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    Man convicted in 'Jane Doe' killing

    After a nine-day trial and four hours of deliberation, the 59-year-old man now faces the death penalty.

    By WILLIAM R. LEVESQUE, Times Staff Writer
    © St. Petersburg Times
    published September 28, 2002


    LARGO -- Pinellas prosecutors portrayed Franklin Delano Floyd as a man with a violent temper who, in a fit of anger, killed a 19-year-old Brandon woman before dumping her body off Interstate 275 in 1989.

    Floyd professed his innocence. But late Friday, a jury convicted him of first-degree murder.

    After a nine-day trial, jurors deliberated for about four hours before finding Floyd, 59, guilty of the killing of Cheryl Ann Commesso. Floyd faces the death penalty when the sentencing phase of his trial begins on Monday.

    Floyd was irate when a clerk announced the verdict. As defense attorney Michael Schwartzberg tried to calm him, Floyd told jurors, "Look me in the face."

    Then he pointed to prosecutors and told his attorney, "They framed me." After jurors left, he cussed at Pinellas-Pasco Judge Nancy Moate Ley.

    "I hope you sleep good," Floyd told Ley.

    "Thank you, Mr. Floyd," she said calmly.

    For Commesso's family, the verdict ends 13 years of waiting.

    "Justice has been served," said John Commesso, 55, of Valrico, the victim's father. "It took 13 years. We're waiting for one more thing. And that's the death penalty."

    No witness saw Franklin Delano Floyd pump two bullets into the victim's head. No confession links him to the crime.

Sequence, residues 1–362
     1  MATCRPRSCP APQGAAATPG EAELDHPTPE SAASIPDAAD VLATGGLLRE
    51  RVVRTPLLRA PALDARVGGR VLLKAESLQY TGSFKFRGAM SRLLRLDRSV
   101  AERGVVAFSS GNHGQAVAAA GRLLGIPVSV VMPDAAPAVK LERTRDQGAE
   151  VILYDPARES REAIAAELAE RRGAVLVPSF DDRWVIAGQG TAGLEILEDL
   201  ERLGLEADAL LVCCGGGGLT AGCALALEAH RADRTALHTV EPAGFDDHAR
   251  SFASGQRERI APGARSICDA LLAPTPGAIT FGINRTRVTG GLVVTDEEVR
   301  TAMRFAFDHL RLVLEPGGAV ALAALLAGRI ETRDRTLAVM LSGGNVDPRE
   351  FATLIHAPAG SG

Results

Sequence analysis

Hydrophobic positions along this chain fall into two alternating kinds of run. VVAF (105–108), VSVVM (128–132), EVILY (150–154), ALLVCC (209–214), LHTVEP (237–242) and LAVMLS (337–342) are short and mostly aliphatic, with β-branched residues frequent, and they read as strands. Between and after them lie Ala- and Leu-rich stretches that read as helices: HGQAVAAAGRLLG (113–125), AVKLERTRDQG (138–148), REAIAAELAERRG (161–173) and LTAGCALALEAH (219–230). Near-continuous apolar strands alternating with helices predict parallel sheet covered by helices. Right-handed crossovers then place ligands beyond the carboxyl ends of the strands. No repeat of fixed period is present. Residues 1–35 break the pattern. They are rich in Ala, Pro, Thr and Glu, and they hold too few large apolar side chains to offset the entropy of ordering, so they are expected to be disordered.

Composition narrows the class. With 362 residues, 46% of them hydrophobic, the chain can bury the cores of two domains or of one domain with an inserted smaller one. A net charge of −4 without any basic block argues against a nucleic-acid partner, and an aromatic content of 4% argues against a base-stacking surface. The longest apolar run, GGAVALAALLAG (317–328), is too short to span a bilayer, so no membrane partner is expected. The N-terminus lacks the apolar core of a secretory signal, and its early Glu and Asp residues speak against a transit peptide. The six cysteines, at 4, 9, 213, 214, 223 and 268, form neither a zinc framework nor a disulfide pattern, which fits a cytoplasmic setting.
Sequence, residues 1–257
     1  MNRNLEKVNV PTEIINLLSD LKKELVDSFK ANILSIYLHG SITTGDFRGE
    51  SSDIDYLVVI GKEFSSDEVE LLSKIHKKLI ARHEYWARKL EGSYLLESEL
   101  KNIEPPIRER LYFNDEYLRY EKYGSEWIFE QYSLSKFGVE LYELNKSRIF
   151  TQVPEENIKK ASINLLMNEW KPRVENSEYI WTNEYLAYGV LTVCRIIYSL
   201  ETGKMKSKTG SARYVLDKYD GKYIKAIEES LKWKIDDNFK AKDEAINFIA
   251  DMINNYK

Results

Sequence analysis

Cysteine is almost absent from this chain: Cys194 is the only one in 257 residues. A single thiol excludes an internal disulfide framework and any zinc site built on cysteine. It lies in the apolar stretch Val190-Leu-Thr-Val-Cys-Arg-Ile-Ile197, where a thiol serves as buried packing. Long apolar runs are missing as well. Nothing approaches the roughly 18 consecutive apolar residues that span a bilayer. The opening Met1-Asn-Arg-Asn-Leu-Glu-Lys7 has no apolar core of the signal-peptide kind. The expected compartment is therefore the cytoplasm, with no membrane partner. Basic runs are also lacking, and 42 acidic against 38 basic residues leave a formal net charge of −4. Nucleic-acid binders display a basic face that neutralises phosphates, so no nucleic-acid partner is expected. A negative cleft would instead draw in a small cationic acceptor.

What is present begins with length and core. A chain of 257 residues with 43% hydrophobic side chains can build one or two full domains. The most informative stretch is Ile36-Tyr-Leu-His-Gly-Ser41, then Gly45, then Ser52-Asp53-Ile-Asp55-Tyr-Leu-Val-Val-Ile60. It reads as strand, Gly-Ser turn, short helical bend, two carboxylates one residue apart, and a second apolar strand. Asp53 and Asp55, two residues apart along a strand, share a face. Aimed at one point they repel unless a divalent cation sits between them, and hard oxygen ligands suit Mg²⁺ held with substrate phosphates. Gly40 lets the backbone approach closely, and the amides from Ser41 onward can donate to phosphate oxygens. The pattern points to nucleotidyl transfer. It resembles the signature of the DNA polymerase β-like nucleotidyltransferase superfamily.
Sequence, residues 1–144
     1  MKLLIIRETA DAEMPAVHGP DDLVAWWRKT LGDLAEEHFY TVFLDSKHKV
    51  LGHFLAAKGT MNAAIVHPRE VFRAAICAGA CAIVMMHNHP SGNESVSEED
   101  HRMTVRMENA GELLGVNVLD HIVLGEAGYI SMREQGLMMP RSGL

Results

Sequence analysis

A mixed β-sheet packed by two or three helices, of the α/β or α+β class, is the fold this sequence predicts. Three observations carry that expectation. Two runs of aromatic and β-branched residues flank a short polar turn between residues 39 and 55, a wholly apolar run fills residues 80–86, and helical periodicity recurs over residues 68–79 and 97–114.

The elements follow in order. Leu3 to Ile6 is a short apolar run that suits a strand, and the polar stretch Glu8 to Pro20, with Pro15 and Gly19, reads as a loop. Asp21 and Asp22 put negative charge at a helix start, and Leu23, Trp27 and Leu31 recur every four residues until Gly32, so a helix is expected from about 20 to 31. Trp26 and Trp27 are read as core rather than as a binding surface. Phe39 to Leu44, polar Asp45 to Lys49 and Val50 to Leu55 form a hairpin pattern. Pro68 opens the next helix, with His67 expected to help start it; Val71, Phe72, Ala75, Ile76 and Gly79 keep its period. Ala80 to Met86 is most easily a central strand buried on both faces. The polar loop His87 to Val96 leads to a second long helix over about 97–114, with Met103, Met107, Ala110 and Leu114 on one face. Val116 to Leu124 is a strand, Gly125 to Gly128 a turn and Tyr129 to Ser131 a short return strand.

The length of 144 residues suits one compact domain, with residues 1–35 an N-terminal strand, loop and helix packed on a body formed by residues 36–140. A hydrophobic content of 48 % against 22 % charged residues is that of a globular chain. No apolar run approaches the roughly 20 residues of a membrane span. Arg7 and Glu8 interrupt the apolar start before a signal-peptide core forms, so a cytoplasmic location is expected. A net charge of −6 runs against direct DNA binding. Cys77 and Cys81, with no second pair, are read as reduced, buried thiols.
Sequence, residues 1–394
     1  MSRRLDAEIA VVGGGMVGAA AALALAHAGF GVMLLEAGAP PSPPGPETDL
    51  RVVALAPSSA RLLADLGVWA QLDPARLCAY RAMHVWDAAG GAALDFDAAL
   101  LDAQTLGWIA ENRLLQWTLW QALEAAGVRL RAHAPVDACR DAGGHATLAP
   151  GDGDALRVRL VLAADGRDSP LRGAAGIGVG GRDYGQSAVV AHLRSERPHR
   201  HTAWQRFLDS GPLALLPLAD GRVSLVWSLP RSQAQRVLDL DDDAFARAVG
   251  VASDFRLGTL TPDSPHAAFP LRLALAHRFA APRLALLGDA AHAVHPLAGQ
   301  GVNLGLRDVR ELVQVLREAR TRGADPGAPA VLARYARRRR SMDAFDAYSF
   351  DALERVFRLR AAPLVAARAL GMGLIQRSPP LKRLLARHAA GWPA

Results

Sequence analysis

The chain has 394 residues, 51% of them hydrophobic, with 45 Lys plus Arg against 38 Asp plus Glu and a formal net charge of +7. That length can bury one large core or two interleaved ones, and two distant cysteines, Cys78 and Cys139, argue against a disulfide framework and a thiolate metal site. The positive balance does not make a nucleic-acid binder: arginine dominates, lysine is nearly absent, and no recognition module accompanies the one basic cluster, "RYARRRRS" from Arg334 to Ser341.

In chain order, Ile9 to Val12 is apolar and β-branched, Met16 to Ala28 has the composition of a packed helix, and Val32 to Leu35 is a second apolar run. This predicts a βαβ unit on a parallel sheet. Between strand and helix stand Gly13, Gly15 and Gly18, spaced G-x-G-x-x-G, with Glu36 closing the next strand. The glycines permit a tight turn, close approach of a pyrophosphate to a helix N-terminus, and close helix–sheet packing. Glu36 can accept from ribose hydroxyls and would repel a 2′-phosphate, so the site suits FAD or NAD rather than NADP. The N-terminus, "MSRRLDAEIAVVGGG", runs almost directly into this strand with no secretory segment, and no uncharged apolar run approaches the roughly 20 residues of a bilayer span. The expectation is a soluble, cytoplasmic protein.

Commesso's skeletal remains were found off Interstate 275 in Pinellas more than six years after she was killed with two shots to the back of the head.

    Commesso, a nude dancer, was known simply as "Jane Doe I-275" before she was eventually identified.

    But Pinellas prosecutors Bruce Bartlett and Glenn Martin told jurors the best evidence of Floyd's guilt was a series of photos of a bound and blindfolded Commesso. They said Floyd took the pictures shortly before killing her.

    The pictures were found wedged over the gas tank of a pickup truck Floyd stole during an unrelated kidnapping in Oklahoma. He is already serving a life sentence after his conviction in that case.

    After the kidnapping, the truck was sold and its new owner found the pictures.

    The person in the photo is wearing the same clothing as found with the skeleton on I-275. Some jewelry is the same. And the woman in the photo, witnesses said, was definitely Commesso.

    In addition, the photographer's thumb can be seen in several photos and is nearly identical to Floyd's.

    In addition, the woman in the photos had moles identical to Commesso's, in addition to other similarities.

    "Is this a coincidence?" Bartlett said. "Absolutely not."

    Schwartzberg said prosecutors can't prove the woman is Commesso and cannot positively link the photos to Floyd.

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